Suggested reading for this discussion: The Horse’s Mouth by Joyce Cary.
I get a sense of “Let’s wrap this up” towards the end of a sculpture, but then the next process begins>mold making, >casting> patina…and marketing> showing the work>more marketing, > more showing…..
I guess I know a piece is done when it is sold.
I know when a painting is finished when it is sold.
I don’t believe a painting is ever finished…perhaps static for a time…but always able to be revisited…
@Philip – Love the quote!
@Lisa – I agree, I never completely know.
I guess if I start nitpicking on tiny little details that don’t make a hoot of difference in the big picture, then I know I should put the brush down.
I think, for me, its done when I am ready to show it to someone.
I was going to quote Leonardo di Vinci’s statement about abandoning a painting, but I see Philip Koch has already done that. I finish paintings when I am satisfied that I have done the best I know how to do, but there have been some paintings that I have picked up again many months later, or even a few years later because then I knew more or saw more clearly.
Alyson, I like your warning that having an email sent whenever a new comment is added could be a lot.
Easy! If you decide what you are after at the beginning BEFORE you start the piece….If you decide what effect you want it to create on the observer, or what message it is to convey, you can assess it from that point of view as to its being complete. If you never decide what you are going for, you will never know when it is finished.
When I feel a painting is finished, I put it in the frame. At that point, the frame will tell me what finishing touches the painting needs. I am finished when both the frame and the painting are equally beautiful. Margret
This may sound odd, but I ask the canvas, “what else do you need?” When it doesn’t “say” anything, it’s done.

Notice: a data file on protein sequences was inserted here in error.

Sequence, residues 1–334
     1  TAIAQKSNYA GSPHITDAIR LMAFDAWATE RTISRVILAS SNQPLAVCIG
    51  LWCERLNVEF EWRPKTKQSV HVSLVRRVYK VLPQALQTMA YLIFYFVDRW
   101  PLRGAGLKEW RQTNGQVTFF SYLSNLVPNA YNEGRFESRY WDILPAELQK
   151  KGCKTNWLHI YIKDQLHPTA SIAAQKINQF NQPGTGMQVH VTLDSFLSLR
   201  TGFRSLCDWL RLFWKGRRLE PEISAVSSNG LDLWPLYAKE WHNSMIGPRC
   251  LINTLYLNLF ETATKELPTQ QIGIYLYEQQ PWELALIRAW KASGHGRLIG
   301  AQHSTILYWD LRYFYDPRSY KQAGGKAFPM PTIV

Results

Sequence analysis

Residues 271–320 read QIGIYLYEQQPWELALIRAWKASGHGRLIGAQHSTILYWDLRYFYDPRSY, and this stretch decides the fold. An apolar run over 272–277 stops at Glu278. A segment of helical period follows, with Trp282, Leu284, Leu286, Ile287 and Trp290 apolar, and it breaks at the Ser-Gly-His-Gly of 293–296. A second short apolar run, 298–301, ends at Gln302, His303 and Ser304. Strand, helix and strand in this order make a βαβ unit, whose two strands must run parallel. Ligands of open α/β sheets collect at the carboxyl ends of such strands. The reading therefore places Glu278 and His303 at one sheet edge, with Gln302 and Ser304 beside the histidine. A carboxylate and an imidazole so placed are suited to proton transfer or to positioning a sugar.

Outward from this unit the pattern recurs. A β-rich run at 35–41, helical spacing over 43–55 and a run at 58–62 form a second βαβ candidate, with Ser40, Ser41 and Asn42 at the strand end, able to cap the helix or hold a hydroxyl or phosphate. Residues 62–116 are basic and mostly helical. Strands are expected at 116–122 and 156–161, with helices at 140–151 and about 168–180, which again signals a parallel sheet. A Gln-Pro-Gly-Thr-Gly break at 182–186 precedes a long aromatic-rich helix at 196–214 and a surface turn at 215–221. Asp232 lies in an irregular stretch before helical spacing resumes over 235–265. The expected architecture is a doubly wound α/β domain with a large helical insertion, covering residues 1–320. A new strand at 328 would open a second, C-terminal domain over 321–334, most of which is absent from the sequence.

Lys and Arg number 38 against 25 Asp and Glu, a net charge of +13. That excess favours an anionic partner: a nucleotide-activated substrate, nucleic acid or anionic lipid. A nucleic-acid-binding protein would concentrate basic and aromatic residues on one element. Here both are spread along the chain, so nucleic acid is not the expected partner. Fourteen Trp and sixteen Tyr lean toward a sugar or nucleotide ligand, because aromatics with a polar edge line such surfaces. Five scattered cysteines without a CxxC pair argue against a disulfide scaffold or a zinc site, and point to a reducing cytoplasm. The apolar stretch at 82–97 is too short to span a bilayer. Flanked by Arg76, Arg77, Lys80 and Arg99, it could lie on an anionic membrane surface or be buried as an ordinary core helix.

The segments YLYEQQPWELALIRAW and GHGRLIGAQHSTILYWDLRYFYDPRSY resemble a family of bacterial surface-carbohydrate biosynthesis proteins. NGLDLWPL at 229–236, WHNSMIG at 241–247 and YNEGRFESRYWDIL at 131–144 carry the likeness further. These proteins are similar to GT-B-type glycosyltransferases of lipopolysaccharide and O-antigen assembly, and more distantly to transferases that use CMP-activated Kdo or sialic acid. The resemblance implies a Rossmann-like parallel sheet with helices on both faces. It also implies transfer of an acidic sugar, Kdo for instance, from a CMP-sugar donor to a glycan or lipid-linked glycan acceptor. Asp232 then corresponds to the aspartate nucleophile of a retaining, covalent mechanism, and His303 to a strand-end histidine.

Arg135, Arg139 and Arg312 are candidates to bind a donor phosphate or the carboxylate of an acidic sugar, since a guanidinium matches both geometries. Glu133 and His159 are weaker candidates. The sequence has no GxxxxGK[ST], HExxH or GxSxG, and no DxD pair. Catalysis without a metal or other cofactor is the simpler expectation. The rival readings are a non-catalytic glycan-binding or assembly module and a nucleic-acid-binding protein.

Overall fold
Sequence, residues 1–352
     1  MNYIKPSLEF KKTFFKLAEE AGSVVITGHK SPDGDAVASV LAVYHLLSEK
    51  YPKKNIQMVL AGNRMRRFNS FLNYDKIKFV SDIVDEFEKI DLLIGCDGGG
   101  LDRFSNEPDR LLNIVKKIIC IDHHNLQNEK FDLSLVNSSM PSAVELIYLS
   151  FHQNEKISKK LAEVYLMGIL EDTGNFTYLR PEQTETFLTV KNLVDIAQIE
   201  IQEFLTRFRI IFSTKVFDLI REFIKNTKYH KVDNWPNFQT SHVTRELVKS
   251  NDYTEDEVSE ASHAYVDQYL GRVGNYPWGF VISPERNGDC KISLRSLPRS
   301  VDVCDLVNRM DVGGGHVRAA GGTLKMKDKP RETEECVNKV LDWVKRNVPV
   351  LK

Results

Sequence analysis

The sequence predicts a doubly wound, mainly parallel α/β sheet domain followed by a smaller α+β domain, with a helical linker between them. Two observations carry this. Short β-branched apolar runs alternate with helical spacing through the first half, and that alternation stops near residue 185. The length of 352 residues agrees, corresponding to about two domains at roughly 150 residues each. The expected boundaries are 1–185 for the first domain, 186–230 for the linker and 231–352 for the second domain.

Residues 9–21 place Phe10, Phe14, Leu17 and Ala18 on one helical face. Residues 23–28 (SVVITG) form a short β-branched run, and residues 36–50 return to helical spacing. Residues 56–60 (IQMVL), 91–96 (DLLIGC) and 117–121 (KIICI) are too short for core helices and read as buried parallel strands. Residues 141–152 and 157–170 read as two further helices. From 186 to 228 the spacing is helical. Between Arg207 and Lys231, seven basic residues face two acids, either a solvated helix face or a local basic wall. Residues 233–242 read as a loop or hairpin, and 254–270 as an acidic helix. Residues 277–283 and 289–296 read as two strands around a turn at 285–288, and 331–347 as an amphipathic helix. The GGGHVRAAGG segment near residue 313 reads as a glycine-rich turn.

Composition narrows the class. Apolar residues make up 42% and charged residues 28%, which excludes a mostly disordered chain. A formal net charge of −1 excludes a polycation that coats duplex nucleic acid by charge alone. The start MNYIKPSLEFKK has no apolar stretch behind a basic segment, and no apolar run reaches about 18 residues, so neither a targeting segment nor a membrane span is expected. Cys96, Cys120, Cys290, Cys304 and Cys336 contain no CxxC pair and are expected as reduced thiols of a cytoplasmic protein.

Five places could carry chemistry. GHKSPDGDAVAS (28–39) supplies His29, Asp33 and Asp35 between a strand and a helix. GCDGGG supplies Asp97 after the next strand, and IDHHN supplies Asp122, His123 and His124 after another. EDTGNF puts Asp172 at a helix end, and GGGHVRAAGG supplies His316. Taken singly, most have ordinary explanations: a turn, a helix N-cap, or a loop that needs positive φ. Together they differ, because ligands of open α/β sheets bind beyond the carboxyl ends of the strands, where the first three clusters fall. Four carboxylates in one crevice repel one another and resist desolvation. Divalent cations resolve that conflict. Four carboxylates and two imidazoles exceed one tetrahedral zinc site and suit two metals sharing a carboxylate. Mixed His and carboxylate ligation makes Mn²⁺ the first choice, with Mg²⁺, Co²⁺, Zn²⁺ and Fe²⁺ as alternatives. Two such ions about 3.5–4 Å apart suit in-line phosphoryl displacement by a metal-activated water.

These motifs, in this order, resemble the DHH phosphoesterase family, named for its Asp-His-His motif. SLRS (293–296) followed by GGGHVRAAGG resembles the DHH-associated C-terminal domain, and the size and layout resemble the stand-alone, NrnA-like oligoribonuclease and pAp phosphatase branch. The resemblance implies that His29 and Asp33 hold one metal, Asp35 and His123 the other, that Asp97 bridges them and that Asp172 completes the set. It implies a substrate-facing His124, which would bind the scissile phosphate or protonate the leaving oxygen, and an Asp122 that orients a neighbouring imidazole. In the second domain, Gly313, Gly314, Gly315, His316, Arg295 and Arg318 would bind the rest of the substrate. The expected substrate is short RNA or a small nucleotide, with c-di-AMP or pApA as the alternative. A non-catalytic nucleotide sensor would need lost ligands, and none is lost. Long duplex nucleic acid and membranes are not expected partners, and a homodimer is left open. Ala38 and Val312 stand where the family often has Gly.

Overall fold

As Deboorah Gall mentioned, it’s good to let it sit overnight, and look at it with fresh eyes.
I especially appreciate Judith Peck’s insight – that a painting is done when it’s sold!
When the painting has a certain “grandeur.” It’s an intuitive thing – as others have said, if one more thing is added, the work is a wreck. Even so, it might still be resurrected if allowed to just sit or hang around.
For me the process never ends. Unfortunately, I can always find something that I want to fix. So, I guess it is “done” when it’s sold.
Something I already worked out before – when I become scared to ruin the work, and this fear outweighs the pleasure of painting.
I agree that it’s usually a gut feeling. The best way to finish a painting is to feel it is finished. That said sometimes I’ll look at a painting I wasn’t happy with even a few years before and resolve it, and finish it. But the reason it’s finished is the same. I feel content with it. That’s a great feeling.
It depends. Some of my paintings are finished when the design is completed. Not that I quilt (once was enough to make me respect quilters forever), but sometimes “finished” is obvious and unambiguous.
Other paintings can be tweaked forever. Fortunately, I paint only with watercolor, a medium that sometimes screams “STOP!” or gently says “No more fiddling around.”
I also use the “smile” test, and the “enough already” test.
Among my paintings is one call “100 Buttons,” which — trust me — has more than 100 button shapes. As the Chief Expositor of the School of Painstaking Exuberance, I diligently traced each shape (coins), painted a Davy’s Gray outline, painted inside each shape often with multiple colors, then painted “threads” so that the buttons would look like covered buttons, and finally, outlined each button in a contrasting watercolor.
When I thought that I was half-finished, I counted the buttons. That’s when I discovered that (a) I wasn’t close to halfway done, and (b) that there were way more than 100 buttons.